"Frank DeCaro's two obsessions - food and the famous - have been hilariously united in The Dead Celebrity Cookbook. Reading Frank is like breaking your diet with your funniest best friend." – Bob Smith, author of Remembrance of Things I Forgot.

Customer Reviews

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The Dead Celebrity Cookbook 3.8 out of 5 based on 0 ratings. 8 reviews.
babs181 More than 1 year ago
Frank DeCaro really brings to live the dead celebrities highlighted in the cookbook. I love that most recipes are fairly simple and the commentary regarding each celebrity really makes this more than a cookbook, it is an entertaining read as well!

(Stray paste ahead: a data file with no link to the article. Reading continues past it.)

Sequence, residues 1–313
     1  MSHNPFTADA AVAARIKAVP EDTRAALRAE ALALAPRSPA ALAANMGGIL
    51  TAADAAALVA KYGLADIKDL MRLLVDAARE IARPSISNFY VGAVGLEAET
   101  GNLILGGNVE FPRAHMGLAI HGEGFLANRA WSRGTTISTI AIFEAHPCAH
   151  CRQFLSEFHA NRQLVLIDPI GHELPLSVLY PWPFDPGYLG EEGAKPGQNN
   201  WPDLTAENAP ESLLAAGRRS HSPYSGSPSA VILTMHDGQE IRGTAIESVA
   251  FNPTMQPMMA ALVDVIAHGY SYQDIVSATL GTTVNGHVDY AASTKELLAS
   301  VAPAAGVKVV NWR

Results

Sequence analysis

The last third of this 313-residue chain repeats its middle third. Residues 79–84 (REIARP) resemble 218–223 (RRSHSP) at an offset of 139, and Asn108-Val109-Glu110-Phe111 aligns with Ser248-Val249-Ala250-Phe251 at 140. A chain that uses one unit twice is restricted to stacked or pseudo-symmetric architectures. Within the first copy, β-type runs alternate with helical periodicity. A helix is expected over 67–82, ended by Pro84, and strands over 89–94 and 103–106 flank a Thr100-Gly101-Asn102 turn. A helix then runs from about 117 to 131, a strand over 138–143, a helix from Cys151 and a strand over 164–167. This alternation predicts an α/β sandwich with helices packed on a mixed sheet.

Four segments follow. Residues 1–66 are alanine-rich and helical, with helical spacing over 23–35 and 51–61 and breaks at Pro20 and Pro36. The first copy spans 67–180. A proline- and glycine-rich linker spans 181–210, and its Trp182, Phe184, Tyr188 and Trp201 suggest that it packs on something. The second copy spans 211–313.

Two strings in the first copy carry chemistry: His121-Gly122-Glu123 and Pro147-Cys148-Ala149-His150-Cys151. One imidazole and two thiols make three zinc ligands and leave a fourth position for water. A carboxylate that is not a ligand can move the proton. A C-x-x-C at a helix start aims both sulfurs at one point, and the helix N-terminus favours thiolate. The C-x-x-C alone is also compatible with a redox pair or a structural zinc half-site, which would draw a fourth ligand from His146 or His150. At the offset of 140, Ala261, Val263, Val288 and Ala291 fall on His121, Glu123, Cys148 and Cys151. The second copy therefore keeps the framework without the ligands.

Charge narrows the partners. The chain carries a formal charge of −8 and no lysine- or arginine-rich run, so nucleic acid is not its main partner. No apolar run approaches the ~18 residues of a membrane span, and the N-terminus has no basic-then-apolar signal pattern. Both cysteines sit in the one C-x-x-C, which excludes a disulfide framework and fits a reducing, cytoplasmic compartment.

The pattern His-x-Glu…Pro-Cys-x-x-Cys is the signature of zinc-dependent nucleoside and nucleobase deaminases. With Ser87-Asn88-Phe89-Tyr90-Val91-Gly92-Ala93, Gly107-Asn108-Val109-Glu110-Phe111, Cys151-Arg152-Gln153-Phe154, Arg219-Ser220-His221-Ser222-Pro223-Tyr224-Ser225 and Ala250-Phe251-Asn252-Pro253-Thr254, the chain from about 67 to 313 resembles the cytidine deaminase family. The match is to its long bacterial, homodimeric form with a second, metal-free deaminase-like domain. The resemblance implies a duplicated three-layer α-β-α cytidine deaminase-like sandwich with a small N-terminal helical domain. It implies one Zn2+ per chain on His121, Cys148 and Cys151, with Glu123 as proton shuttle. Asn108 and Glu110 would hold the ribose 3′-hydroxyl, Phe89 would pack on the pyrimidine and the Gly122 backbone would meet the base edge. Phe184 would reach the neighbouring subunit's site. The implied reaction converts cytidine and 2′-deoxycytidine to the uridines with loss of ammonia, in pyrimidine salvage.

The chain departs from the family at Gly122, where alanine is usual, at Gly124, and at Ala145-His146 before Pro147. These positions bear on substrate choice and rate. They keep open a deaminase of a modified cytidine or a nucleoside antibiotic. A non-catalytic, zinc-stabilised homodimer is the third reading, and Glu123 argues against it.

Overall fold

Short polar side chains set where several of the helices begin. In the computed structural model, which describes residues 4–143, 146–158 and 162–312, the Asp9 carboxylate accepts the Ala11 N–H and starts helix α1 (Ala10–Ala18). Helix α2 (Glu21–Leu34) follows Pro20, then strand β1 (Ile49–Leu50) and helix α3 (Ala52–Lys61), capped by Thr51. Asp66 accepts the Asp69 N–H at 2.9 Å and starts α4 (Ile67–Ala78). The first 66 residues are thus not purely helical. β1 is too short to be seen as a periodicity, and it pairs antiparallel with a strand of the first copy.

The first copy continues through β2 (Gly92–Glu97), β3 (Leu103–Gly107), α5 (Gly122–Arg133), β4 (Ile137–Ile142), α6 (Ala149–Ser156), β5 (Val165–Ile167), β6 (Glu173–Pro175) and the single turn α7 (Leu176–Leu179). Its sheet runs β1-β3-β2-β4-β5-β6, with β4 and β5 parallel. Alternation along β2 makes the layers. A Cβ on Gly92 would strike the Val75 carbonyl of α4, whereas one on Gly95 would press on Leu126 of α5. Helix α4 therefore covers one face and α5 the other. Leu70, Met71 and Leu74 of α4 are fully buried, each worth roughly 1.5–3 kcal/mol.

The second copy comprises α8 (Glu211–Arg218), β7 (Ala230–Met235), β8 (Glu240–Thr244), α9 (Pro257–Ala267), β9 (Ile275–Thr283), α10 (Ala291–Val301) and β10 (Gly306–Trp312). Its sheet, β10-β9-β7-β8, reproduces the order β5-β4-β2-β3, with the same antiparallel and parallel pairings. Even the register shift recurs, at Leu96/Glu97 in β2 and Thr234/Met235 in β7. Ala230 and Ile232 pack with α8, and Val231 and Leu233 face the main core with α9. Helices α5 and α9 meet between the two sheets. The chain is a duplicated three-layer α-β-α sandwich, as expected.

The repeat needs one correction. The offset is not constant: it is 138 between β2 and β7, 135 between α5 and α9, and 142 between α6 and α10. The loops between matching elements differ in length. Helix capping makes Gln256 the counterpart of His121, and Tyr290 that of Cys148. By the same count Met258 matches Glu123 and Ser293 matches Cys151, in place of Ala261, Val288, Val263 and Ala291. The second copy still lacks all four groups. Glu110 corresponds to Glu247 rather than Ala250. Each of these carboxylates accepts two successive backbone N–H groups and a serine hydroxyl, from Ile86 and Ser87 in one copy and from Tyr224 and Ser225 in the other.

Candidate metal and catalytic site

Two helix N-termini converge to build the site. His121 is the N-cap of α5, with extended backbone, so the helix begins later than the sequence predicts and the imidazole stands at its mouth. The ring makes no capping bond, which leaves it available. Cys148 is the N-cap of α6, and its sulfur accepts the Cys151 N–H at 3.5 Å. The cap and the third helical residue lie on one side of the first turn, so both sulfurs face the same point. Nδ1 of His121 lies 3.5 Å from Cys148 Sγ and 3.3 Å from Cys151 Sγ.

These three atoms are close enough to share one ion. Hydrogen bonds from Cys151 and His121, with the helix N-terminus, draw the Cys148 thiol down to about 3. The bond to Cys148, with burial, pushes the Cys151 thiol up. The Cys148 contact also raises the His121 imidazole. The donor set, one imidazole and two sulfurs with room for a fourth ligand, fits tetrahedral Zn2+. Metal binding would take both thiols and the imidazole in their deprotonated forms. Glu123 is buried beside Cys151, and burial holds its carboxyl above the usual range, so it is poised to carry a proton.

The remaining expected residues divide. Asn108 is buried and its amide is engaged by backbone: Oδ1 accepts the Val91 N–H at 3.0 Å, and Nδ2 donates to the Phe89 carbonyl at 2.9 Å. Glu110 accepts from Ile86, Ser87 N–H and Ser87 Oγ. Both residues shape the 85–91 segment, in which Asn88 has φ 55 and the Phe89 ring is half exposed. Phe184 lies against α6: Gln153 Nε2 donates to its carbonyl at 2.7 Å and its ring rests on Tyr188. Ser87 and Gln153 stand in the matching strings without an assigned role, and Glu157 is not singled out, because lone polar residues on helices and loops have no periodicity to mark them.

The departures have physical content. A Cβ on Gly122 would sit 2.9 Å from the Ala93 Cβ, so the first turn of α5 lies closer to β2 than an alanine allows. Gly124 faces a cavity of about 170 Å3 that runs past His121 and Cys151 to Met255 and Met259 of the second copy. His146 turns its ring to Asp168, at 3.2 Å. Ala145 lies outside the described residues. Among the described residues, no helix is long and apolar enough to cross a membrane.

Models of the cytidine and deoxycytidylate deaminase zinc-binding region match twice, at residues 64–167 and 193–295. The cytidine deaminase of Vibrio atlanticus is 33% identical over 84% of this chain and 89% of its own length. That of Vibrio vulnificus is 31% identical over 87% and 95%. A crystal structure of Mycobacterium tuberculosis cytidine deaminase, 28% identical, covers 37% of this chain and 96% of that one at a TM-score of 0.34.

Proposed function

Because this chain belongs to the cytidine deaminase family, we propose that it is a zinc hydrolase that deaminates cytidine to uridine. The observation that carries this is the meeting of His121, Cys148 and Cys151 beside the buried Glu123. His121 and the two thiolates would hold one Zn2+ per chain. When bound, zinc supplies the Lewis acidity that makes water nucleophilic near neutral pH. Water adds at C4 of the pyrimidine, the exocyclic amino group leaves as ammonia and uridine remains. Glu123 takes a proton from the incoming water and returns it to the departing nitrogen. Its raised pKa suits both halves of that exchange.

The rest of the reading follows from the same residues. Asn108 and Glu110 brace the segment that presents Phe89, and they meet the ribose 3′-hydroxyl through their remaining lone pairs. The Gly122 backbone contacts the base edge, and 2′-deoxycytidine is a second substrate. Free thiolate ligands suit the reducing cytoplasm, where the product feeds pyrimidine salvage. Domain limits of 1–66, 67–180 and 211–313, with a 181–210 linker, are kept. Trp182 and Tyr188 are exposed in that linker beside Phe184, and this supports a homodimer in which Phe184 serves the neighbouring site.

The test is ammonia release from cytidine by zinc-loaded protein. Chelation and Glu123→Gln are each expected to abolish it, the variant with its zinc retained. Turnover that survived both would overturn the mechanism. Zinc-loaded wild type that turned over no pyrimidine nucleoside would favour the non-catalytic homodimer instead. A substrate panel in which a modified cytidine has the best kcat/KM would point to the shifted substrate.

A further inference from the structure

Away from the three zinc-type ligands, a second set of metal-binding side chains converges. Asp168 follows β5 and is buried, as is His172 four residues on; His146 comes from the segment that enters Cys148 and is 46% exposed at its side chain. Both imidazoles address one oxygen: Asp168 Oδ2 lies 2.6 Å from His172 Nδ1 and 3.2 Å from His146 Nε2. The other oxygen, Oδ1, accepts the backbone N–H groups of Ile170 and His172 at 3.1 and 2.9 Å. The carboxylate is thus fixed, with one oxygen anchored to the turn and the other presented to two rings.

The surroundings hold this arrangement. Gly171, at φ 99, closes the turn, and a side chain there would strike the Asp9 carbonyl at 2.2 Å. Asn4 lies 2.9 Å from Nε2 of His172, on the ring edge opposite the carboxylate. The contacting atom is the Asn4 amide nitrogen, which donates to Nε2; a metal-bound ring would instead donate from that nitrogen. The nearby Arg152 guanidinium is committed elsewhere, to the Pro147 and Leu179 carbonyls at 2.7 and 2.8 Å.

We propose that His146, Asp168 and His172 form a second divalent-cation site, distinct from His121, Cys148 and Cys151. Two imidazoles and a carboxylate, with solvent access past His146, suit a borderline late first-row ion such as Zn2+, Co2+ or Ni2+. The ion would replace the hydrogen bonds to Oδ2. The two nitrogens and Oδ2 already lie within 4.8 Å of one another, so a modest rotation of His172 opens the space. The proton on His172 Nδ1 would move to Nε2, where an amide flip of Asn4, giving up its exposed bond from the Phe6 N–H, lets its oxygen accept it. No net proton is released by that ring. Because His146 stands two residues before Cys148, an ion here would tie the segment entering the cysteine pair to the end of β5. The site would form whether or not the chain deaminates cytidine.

Rb1330 More than 1 year ago
This book is more than a cookbook. First of all, it's written by the hilarious Frank DeCaro of Sirius XM and a one time Daily Show regular. It has 145 stars of stage and screen, each with their own unique recipes. No, these recipes did NOT kill them. I've tried a few and they're actually quite good (my personal favorite is Robert Reed's Beef & Biscuit Casserole). Frank writes anecdotes about each person in the book, and frankly, if you just want to skip the recipes and read these, it's worth the price. Halloween is coming and wouldn't it be perfect to have a dead celebrity party with a menu that includes these recipes? I'm sure Madeleine Kahn's foot cookies would be the perfect treat. Actually, its the only cookbook I've read all the way through.
gincam on LibraryThing 8 months ago